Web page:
Dr. Sheila Addison: when your partner is transgender
This episode is a wealth of information. It is delivered by the expert guidance of guest Dr. Sheila Addison and covers many important elements of transgender and cisgender relationships, the transgender community in general, post-surgery sex, sex between cisgender and transgender partners, how identities are designated at birth, the psychology and complexities of gender identity, and that’s just the tip of the iceberg!
Dr. Sheila has a PhD in Marriage and Family Therapy. She has a private practice where her client base is about as diverse as it gets, ranging from LBGTQ to Poly Friendly and more. She has an amazing mind and qualified to boot, and her message is absolutely, overwhelmingly important when considering the challenges that the transgender community face and what cisgender people can do to help!
Transgender Versus Cisgender
To start, Dr. Sheila reminds listeners that we have all been designated as a ‘boy’ or ‘girl’ at birth. This excludes a small number of people who are born as “intersex”, which means their genitals are ambiguous and thus difficult to determine definitively (Gender isn’t binary in any sense – whether you’re talking about genitals or chromosomes; maybe another episode on this later). But for the majority of people, the gender they are assigned at birth fits with their gender identity as they develop throughout life. If you fall into the category, you are cisgender. The ‘cis’ prefix corresponds to mean ‘same’.
On the other end of the spectrum, if you haven’t positively identified with the gender that was assigned to you at birth, you are transgender.
For those who are born without a clear designation of male or female, the gender identity process can be much more complex than the binary ‘boy or girl’ designations that normally occur at birth. Dr. Sheila eloquently explains the nuances during the talk. Listen in!
The Importance of Furthering Education on Gender Identity
Dr. Sheila stresses the importance of seeing cisgender and transgender as identities and not conditions. As the nomenclature has shifted and the identities have garnered more societal understanding, Sheila still wishes we that we all had more comprehensive learning opportunities for the cisgender/transgender relationship dynamic and everything the identity entails.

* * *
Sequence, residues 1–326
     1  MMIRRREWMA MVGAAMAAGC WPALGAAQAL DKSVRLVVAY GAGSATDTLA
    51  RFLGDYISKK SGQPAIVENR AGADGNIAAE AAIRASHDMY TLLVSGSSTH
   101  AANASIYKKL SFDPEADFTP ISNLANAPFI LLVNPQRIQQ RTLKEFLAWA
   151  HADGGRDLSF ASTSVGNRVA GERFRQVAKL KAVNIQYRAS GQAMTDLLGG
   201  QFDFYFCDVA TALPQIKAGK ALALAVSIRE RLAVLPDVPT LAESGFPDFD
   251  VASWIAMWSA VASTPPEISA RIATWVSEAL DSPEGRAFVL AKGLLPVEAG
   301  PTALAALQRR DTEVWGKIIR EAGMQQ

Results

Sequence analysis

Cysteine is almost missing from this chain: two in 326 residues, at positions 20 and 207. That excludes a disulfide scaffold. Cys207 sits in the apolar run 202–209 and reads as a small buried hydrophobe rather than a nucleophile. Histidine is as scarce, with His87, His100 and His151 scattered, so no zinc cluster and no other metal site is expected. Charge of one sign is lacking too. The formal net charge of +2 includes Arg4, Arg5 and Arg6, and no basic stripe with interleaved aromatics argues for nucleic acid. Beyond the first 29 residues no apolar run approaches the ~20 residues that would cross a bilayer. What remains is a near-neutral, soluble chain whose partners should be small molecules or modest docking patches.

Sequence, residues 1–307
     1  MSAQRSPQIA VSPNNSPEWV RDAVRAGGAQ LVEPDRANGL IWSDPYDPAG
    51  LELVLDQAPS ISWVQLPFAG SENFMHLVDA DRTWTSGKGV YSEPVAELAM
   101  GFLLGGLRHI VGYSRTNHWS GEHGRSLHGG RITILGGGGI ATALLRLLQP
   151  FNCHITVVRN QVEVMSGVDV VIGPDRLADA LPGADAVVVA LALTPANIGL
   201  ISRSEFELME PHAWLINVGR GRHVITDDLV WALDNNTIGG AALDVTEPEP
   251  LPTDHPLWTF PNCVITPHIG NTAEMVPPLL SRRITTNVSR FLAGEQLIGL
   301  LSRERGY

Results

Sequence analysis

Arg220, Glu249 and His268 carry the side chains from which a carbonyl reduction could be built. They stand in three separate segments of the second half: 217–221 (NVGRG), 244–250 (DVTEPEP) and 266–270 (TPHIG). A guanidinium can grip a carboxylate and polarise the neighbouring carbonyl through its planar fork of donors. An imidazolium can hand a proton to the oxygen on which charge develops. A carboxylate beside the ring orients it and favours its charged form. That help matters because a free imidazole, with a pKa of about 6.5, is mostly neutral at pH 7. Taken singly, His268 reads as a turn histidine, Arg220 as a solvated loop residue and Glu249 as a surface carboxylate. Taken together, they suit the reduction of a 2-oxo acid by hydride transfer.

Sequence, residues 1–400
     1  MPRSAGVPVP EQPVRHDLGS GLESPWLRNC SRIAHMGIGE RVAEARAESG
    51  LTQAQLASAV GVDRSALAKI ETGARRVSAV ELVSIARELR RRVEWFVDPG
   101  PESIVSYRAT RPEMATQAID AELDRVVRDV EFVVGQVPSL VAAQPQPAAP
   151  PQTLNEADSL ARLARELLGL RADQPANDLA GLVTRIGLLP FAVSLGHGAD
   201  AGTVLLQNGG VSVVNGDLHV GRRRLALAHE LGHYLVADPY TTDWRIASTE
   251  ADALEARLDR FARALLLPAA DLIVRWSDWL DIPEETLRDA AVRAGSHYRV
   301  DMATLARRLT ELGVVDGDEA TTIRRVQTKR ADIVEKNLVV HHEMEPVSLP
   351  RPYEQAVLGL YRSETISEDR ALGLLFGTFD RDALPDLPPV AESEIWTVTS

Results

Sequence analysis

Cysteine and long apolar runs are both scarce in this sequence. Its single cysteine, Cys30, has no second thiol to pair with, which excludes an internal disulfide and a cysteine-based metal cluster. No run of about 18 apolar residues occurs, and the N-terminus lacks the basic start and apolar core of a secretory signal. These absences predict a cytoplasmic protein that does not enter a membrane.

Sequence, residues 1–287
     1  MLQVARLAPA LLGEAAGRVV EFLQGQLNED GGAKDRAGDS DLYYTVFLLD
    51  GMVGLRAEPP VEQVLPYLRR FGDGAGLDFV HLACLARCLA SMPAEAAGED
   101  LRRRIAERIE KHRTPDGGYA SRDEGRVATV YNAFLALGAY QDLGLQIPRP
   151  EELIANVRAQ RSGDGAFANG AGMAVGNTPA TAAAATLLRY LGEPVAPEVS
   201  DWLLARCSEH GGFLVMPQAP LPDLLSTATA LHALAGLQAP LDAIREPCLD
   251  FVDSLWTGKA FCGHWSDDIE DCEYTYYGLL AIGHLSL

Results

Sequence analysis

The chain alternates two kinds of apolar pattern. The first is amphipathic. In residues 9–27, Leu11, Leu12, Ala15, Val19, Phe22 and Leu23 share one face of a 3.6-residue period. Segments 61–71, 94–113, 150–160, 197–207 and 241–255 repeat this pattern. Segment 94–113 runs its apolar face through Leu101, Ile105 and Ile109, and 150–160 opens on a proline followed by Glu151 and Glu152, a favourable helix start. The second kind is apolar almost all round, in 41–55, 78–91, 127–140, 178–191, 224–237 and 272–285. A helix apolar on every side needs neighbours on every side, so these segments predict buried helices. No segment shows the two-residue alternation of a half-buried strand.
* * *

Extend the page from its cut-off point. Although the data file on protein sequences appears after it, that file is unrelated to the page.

Sheila states that an important place to start is being educated enough on the topic to know which questions to ask. And because it’s inevitable that transgender and cisgender individuals will become romantically and sexually involved, the sooner efforts are taken for a balanced understanding, the better.
She has a lot more to say on this subject during the talk.
On a Cisgender and Transgender Relationship
Providing comfort for a transgender individual is an important role for a cisgender person. This means that the cisgender person is not trying to process the challenges of being transgender so much, but just communicating and giving comfort. She talks about the importance of getting the guidance of a good couple’s therapist–one who can spearhead and direct the processing of certain emotions and feelings.
In addition to this very important component, Sheila also devotes some time to discuss the importance of the social aspect of gender identity. She also talks about making sure you understand what your transgender partner is envisioning when they talk about transitioning, and so forth. Really, really important information within.
Transgender Surgery and Sexual Expectations
This is a rich part of the interview. There’s a lot of ground that is covered and listening along is a must. But to summarize a few important elements: communicating about physical expectations after surgery is very important for sex. There are many variations and options for each individual, so having discussions about expectations is crucial.
And because genitalia will function the same after surgery, during a transition from cisgender to transgender, the individual going through that transformation needs support first and foremost.
Sit with Your Ambiguity
Dr. Sheila encourages you to be more curious in your attraction – mot to make a huge statement, but to lessen our societal tendency to limit our own desires and attractions. So often we get in our own way when it comes to sexual attraction and openness; Sheila encourages you to ‘be a scientist’. This means to keep an open mind despite current societal pressures to do the opposite.
Taking a Stand for Transgender People
One of the most important things for a cisgender person to do for their transgender partner is to take a stand for them. This means being actively involved in making society more welcoming and comfortable for transgender people. Having that social presence is a positive reinforcement for transgender partners and should not be taken lightly!
Key Links for Dr. Sheila:
(Affiliate links for Books that Sheila references):
The Trans Partner Handbook https://amzn.to/2UvzE9t
The Reflective Workbook for Partners of Transgender People https://amzn.to/2XtEgPc
Queer Sex https://amzn.to/2GzC7vU
Her Website: https://drsheilaaddison.com/
Sheila’s Twitter: https://twitter.com/drsaddison?lang=en
Her LinkedIn Page: https://www.linkedin.com/in/sheilaaddison/
Sheila’s Facebook Page: https://www.facebook.com/sheilaaddisonmft